• Paço Imperial (1743) - Old Royal and Imperial office where order were sent, and formal inquiries with the monarch took place, colonial architecture (in downtown, next to Praça XV, Fifteen Square). Nice quiet restaurant inside.
  • Casa França Brasil (1820) - French cultural center, with gallery and video hall (in downtown, next to CCBB).
  • CCBB - Centro Cultural Banco do Brasil (1906) - A cultural center with gallery, movie theater, video room, library, and stages; usually hosts the main exhibitions in town (in downtown). An interesting building with old-fashioned elevators/lifts.
  • Candelária Church - Neoclassic cathedral (next to CCBB) is a fine piece of art.
  • Mosteiro de São Bento (1663) - Saint Benedict's Monastery, colonial architecture (in downtown).
  • Ilha Fiscal Palace (1889) - Located in the Guanabara Bay, next to the Navy Museum
  • Gloria Church (1739). Small but interesting church reached by a funicular. Nice views. (metro: Gloria)
  • Palácio Gustavo Capanema - Former ministry of culture, designed by French architect Le Corbusier; though small, it is regarded as an important pioneering in modern architecture (downtown).
  • Arcos da Lapa (1750) - Lapa Aqueduct, a colonial structure that brought water from springs to downtown.
  • Catedral Metropolitana - a modern, cone-shaped cathedral, designed by Edgar de Oliveira da Fonseca (in Lapa).
  • São Francisco da Penitência church (1773) - Colonial church.
  • Teatro Municipal (1909) - City Theater, inspired by the Paris Opéra House (in Cinelândia square).
  • Biblioteca Nacional (1910) - National Library (in Cinelândia square).
  • Câmara Municipal - The City Hall, hosts the city council (in Cinelândia square).
  • Palácio do Catete - The former presidential palace (1893-1960), now hosts a museum of recent history and nice gardens (in Catete).
  • Itamaraty - Former presidential palace (1889-1893) and foreign office; now hosts a museum of South American diplomacy, a library and the UN information offices in Brazil (in Downtown, next to the Central station).
  • Palácio Guanabara - Former palace of the Imperial Princess, now governor's office; eclectic architecture; not open to the public (in Laranjeiras).
  • Art Deco. Rio is a major center for the Art Deco style of architecture. Indeed, the statue of Christ the Redeemer on Corcovado is considered a classic example of Art Deco work. There are numerous buildings in Copacabana and elsewhere that employ this style.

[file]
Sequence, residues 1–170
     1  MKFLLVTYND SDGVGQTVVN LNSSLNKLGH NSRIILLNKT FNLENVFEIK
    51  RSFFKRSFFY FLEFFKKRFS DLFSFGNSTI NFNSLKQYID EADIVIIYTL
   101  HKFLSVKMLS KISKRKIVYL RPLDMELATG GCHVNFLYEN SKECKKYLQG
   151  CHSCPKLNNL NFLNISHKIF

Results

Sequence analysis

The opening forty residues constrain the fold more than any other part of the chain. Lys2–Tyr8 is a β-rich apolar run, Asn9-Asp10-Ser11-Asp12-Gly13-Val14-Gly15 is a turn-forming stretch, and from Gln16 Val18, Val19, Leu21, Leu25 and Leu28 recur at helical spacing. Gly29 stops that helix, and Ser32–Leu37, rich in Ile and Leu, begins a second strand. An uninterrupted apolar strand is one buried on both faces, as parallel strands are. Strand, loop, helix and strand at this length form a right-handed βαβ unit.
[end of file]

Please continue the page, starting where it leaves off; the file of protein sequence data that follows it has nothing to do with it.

There is no shortage of things to do on a rainy day. In addition to a wide range of museums, Rio has many cultural centers, which are run by banks and other organizations and usually host free exhibitions. Details of what is on can be found in the Segundo Caderno section of the daily O Globo newspaper, which provides more detail in a weekly Friday supplement. Also very useful is the Mapa das Artes Rio de Janeiro, which provides detailed bi-monthly listings as well as detailed maps of the city. This is free and can be picked up at most museums.


  • Museu Histórico Nacional (National Museum of History) - A museum of Brazilian history stretching from colonial to imperial times; big collection of paintings, but poor in artifacts (downtown).
  • Museu Nacional de Belas Artes (Museum of Fine Arts) - Includes large paintings from Academicist and Neoclassical Brazilian artists, as well as many copies of European sculptures (downtown, Cinelândia square).
  • MAM - Museu de Arte Moderna (Museum of Modern Art) - Opened in 1948 is the second most important contemporary art museum in Brazil, after MASP in Sao Paulo (downtown, walking distance to Santos Dumont airport). Modernist architecture spreading over almost the sea. Not to be confused with MAC (Museu de Arte Contemporânea) located just across the bay in Niterói. Both are worth a visit.
  • Museu da Imagem e do Som (Image and Sound Museum) - For researchers about Brazilian film, radio, and broadcasting industry (downtown).
  • Museu Naval (Navy Museum) - Located downtown not far from the ferry terminal.
  • Museu do Carnaval (Museum of Carnival) - History of Brazilian carnival and parades (in downtown, next to the Sambódromo).
  • Museu Chácara do Céu - An important collection of South American modern art (in Santa Tereza).

South Zone

  • Museu da República (Museum of the Republic) - Hosted on the former presidential palace, this museum hosts permanent exhibitions about recent Brazilian history (from 1889 on); one of the main features is the room where president Getúlio Vargas shot himself in 1954 (in Catete).
  • Oi Futuro (Formerly Centro Cultural Telemar) - Formerly Museum of Telephone, it now hosts a fine gallery with temporary exhibitions of digital art or art with interactive medias; it is sponsored by the local phone company (in Catete).
  • Museu Internacional de Arte Naïf (International Naïf Art Museum) - In Cosme Velho, next to Corcovado rail station.
  • Museu Carmem Miranda (Carmem Miranda Museum) - About this Brazilian actress and singer (the lady with pineapples-and-bananas hat), the national icon in the 1940s and 50s (in Flamengo).
  • Museu do Índio (Museum of the Indian) - A small museum with a collection of Brazilian Indian (povos indígenas) photographs, paintings, artifacts and other craft (in Botafogo). Very popular with local schoolchildren, but has much for adults as well.
  • Museu Villa-Lobos, Rua Sorocaba, 200 - Botafogo, ☎ +55 21 2266-1024 ( M-F 10:00-17:30. A modest collection about Brazil's most important composer.

North Zone

  • Museu Nacional (National Museum) - Actually, it's the Natural History Museum, with dinosaur fossils and lots of mounted tanned animals; go there if you want to see a jaguar without getting into the jungle; it was formerly the Emperor's Palace (in São Cristóvão, just next to the Zoo).